If you’re married or in a long-term relationship, there may come a time when your husband or partner experiences erectile dysfunction (ED). While ED is common, many men feel uncomfortable talking about it, and might avoid bringing the subject up at all. If you’re concerned about your husband and his health, you may have to initiate a conversation about ED. Here are some tips on starting and navigating a discussion about ED.
Most people think erectile dysfunction (ED) only affects older men. After all, almost all of the commercials we see about its treatment feature a retired man with grey hair. In reality, research shows that men in their 30s and 40s can experience ED. In fact, a study done by the Journal of Sexual Medicine revealed 26% of adult men under 40 admitted to struggling with ED symptoms.
Leading a healthy lifestyle can help reduce the chances of experiencing erectile dysfunction (ED). This can include everything from limiting alcohol intake, staying active, and avoiding smoking. But maintaining a healthy blood pressure is one of the best ways to prevent ED. Here's why:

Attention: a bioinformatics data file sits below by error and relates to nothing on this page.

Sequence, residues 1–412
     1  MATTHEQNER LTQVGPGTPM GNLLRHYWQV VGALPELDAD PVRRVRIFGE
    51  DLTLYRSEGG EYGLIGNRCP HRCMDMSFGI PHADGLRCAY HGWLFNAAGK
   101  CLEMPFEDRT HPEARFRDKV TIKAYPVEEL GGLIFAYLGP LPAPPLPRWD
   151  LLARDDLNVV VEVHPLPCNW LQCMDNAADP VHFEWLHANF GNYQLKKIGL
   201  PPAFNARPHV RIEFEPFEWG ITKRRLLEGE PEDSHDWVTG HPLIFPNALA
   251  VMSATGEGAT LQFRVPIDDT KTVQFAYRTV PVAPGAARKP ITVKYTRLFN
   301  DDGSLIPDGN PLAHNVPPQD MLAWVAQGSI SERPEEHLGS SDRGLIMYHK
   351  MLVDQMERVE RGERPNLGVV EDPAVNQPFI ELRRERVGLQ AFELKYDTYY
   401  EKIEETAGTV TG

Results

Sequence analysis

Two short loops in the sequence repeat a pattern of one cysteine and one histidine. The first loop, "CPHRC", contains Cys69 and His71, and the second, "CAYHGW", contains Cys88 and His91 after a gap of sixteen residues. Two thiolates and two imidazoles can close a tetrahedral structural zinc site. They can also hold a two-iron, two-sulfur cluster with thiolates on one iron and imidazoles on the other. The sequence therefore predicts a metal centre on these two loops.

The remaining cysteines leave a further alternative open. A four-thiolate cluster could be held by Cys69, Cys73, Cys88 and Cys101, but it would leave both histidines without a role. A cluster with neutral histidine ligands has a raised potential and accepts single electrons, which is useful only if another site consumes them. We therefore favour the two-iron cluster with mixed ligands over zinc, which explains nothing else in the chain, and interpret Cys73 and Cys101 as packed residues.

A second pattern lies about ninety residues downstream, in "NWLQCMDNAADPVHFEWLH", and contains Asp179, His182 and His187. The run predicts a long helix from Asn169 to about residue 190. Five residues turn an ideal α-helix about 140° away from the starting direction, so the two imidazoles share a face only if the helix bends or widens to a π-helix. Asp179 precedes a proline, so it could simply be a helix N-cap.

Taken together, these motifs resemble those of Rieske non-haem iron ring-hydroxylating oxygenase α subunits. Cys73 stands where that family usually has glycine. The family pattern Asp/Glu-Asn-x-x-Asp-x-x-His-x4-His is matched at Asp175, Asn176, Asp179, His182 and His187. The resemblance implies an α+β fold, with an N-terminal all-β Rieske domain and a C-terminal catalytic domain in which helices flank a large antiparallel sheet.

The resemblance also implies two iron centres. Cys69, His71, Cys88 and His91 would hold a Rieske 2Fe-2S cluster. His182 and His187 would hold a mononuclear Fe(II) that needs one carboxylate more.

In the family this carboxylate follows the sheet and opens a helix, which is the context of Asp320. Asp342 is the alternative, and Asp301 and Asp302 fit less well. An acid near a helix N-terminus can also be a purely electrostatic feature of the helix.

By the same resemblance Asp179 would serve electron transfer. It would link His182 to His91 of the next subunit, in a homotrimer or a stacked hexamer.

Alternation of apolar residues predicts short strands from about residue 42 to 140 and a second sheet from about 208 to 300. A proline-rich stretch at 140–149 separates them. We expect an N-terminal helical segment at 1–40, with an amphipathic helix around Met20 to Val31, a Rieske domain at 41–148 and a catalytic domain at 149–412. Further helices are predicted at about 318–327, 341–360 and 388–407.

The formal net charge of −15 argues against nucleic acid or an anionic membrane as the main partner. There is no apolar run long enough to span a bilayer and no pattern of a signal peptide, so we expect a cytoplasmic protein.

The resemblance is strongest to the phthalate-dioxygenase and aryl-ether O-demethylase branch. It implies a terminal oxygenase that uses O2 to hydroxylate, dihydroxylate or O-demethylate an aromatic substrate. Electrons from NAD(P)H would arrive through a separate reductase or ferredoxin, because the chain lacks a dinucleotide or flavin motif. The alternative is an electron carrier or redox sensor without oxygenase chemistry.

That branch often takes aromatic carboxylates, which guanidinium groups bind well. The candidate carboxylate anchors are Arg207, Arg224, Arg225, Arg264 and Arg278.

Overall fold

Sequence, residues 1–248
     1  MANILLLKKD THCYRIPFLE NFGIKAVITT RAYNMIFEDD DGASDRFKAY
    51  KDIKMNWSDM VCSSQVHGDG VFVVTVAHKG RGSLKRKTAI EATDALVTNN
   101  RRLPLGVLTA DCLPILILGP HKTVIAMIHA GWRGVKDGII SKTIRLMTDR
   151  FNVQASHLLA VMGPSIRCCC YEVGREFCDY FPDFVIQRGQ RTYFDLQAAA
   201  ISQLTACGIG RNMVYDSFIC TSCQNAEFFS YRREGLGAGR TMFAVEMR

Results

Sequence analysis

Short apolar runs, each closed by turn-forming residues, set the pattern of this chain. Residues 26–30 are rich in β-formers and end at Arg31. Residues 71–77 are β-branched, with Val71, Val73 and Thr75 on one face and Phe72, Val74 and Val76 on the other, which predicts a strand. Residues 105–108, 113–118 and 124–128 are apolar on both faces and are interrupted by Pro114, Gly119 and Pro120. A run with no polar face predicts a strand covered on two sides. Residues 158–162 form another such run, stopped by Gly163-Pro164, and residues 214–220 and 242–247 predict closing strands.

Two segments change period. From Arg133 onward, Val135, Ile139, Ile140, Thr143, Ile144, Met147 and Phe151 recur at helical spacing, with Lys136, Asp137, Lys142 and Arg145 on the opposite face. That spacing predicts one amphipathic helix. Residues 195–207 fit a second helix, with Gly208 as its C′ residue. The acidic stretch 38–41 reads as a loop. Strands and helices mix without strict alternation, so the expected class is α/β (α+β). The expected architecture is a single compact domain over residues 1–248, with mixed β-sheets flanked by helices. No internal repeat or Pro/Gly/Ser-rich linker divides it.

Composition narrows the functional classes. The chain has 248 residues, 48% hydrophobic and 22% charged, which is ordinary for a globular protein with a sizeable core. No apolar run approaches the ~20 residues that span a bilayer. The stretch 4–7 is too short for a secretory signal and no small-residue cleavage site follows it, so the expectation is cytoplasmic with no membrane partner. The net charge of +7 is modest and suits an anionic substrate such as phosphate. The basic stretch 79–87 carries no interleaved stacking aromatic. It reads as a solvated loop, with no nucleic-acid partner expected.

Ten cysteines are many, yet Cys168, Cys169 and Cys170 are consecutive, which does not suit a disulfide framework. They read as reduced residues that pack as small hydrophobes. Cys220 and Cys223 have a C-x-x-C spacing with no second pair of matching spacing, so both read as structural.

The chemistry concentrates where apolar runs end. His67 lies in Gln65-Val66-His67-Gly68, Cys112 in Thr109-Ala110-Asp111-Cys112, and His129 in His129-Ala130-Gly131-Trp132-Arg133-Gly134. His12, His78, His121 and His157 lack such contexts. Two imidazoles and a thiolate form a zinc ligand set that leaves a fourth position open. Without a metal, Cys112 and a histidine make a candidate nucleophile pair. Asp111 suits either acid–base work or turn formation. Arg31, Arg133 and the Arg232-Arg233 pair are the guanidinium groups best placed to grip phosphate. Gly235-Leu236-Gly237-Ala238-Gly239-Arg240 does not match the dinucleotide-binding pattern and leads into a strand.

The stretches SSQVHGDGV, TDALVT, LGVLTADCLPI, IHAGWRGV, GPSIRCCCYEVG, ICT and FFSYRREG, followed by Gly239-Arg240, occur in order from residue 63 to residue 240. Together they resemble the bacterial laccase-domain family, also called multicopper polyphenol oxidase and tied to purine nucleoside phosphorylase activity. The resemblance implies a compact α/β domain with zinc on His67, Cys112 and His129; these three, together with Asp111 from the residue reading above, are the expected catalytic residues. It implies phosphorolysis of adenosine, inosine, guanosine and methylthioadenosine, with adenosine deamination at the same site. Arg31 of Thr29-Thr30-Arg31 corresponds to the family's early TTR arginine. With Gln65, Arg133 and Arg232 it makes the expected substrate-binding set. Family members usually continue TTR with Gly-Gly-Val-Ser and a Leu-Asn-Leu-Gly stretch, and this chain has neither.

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Before Viagra became the first FDA approved treatment for erectile dysfunction (ED) in 1998, many men kept their symptoms to themselves. Today, more men are openly talking about ED and treatment options with their doctors, but let’s face it: It’s still not a topic that generally comes up around the dinner table.
Here are a few facts that you might not realize about ED.
Erectile dysfunction, or ED, is defined as the “inability to get and keep an erection firm enough for sex.” According to the Mayo Clinic, over 50% of men over the age of 40 experience symptoms of ED. Just hearing the words “erectile dysfunction” may provoke anxiety, but having occasional trouble getting an erection shouldn’t be cause for alarm. However, if problems persist, it may be time to reach out for help.